NEW YORK — The stock market ground out its fifth straight gain Monday in a relatively light trading session that carried the Dow Jones industrial average to 2,014.09, up 20.56 points.
Investors, undeterred by the continuing decline of the dollar, traded 176.04 million shares. That compared to last Friday's trading volume of 303.36 million shares.
It was the first string of five advancing sessions since July.
"A lot of people are calling this a sucker's rally," said Edward J. Nicoski, market strategist at the Piper, Jaffray & Hopwood brokerage in Minneapolis. "But maybe it means there will be an element of stability in the market for a while, at least."
Separately, negotiators for several securities exchanges tried to avert a threatened strike by holding talks with representatives of about 1,300 clerical workers. And the New York Stock Exchange announced that one of its smaller firms, Pace Securities of New York, had ceased doing business as a member broker-dealer because it no longer met the Big Board's capital requirements.
Some investors approached the day's trading with understandable apprehension, since last Monday's session drove the Dow to a 156-point drop, and a week earlier was the historic 508-point drop. But the market righted itself after a 30-point slide in the first hour of trading, then drifted upward for the remainder of the shortened trading session.
The Dow has thus advanced 220.16 points, or more than 12%, in the past five sessions. But it remains 26% below its peak of 2,722.42 reached at the market's crest Aug. 25.
In addition to the Dow, the Standard & Poor's 500-stock index gained 3.96 on Monday to close at 255.75, and the New York Stock Exchange composite index edged up 1.94 points to 142.74. On the New York Stock Exchange, advancing stocks outnumbered declining issues by a margin of more than 3 to 2.
Analysts noted that, before Black Monday, the decline of the dollar heightened anxiety on Wall Street; a weaker dollar suggested that rising import prices would set off an acceleration of inflation. In the shadow of the Oct. 19 debacle, with anxieties still centered on recession, the dollar's slide has been interpreted as hopeful for American exporters and for the economy as a whole.
Robert S. Robbins, market analyst with the Robinson Humphrey securities firm in Atlanta, took the gains of recent trading sessions as a sign that the Dow should trade between a range of about 1850 and 2200 through year-end. "There's too much skepticism for the market to start testing those highs for a while," he added.
Jonathan Groveman, head of equity trading at Ladenburg, Thalmann & Co. in New York, saw the recent advances as "just a reflex rally from a gravely oversold condition. Prices went down so far, they're bound to bounce back a little."
Analysts said the market's advance was aided by some stock index arbitrage trading, despite the New York Stock Exchange's limits on such trading. Some firms got around those limits by executing such trades manually, they said.
More sanguine analysts were again encouraged to note gains in a number of so-called cyclical stocks--those that would be expected to do well in a stronger economy. Among these, said Piper Jaffray's Nicoski, were Du Pont, up 3 to 93, and Minnesota Mining & Manufacturing, up 1 to 60.
Declining share prices have helped pique interest in takeover stocks, and a number of them were among the day's gainers.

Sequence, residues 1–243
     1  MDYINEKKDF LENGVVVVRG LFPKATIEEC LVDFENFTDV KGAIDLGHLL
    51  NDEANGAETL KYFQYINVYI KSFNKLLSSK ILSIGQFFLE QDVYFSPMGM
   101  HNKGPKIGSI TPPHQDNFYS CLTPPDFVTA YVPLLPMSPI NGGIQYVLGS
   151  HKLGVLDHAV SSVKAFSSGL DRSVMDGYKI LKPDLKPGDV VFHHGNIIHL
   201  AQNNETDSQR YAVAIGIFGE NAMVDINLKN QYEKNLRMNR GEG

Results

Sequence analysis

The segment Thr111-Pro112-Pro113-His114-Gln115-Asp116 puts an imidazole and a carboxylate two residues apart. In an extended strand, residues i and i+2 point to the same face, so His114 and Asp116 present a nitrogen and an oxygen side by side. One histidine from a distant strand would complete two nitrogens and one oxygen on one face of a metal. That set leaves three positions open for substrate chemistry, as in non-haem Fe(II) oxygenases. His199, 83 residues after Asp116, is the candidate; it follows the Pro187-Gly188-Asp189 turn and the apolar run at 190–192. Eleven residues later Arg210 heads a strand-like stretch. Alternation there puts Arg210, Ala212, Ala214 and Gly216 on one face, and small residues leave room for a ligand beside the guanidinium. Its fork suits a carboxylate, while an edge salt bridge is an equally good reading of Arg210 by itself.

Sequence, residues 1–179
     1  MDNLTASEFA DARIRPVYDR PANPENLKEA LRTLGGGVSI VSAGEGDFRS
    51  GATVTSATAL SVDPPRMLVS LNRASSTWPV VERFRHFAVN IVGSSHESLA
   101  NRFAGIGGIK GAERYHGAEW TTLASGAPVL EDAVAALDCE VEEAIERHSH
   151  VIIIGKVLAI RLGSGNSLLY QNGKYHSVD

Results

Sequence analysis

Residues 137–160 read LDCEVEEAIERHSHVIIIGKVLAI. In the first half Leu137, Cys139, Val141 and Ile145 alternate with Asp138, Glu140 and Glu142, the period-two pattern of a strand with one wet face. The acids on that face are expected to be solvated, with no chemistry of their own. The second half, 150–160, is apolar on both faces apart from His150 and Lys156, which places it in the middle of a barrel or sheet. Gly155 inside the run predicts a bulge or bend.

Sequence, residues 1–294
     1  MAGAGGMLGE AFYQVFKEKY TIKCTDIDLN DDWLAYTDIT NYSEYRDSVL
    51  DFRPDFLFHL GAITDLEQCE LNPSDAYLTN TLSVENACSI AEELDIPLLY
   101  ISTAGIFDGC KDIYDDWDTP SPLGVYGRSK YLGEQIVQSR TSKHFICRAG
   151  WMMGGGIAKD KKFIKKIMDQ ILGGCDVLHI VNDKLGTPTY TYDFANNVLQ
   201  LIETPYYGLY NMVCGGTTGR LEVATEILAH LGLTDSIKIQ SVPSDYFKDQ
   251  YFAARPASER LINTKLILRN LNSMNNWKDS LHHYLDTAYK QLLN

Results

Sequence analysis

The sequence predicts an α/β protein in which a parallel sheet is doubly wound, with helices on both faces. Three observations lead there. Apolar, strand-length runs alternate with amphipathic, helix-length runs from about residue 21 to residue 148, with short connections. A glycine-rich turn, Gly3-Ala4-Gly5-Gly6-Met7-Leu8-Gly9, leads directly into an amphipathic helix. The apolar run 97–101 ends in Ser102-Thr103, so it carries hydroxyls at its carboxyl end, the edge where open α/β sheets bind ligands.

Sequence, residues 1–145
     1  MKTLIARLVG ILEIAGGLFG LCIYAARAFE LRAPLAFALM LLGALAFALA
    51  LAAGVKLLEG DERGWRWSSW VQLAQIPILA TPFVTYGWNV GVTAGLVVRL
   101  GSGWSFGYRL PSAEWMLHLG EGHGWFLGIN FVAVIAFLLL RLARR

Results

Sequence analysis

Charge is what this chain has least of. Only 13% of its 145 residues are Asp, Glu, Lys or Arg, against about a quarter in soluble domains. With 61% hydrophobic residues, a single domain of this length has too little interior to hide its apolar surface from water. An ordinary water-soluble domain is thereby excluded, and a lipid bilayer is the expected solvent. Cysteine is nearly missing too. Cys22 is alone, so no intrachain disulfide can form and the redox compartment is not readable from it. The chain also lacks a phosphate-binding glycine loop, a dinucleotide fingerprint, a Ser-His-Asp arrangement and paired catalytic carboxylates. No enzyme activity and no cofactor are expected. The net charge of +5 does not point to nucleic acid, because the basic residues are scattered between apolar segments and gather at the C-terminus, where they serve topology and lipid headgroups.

Santa Fe Southern Pacific moved up 4 3/4 to 55 after the announcement that Henley Group is in discussions to acquire the company for $63 a share.
Singer jumped 3 1/8 to 47 as a partnership led by investor Paul Bilzerian offered $50 a share for the company. Singer said its board will decide on the offer by Nov. 16.
Bell & Howell advanced 3 1/2 to 55; an investor group that includes Robert M. Bass disclosed that it has increased its stake to 15.9%.
Among other widely followed stocks, International Business Machines was up 2 to 124 1/2, and General Motors fell to 58 5/8.
Federal mediators have been trying to avert a strike threatened by clerks, pages and transaction reporters employed by the New York Stock Exchange, the New York Futures Exchange and the Securities Industry Automation Corp., which is a securities transaction support firm.
A three-year contract for the members of the Office and Professional Employees Union expired Saturday. The New York Stock Exchange has contended that it will use non-union personnel to maintain operations if talks fail and a strike is called.
Pace Securities, with about 1,200 customers, is among the smallest firms on the New York Stock Exchange, the exchange said. Five other small firms have already ceased activities as Big Board broker-dealers since the Oct. 19 crash, according to a spokesman.
Late Monday, a statement issued under the name of Pace's president, H. Clinton Pollack, said that the firm had taken steps to meet Big Board net capital requirements.
Despite the statement, the exchange spokesman said "so far, nothing has changed."
In bond markets, prices tumbled. The Treasury's 30-year bond was off 7/8 point, or $8.75 for every $1,000 in face value, while its yield rose to 9.12% from 9.03% late Friday.
The federal funds rate, the interest banks charge each other on overnight loans, was quoted at 6.525%, down from 6.87.5 late Friday.
Overseas, the Hong Kong stock market rebounded in early trading today, with the Hang Seng stock index opening at 2,234, compared to Monday's closing of 2,203.23.
The Tokyo markets were closed today for Culture Day, a national holiday.
Prices fell Monday in London. Share prices opened lower and remained depressed throughout the session. The Financial Times 100-share index fell 26.1 points, or 1.5%, to close at 1,723.7.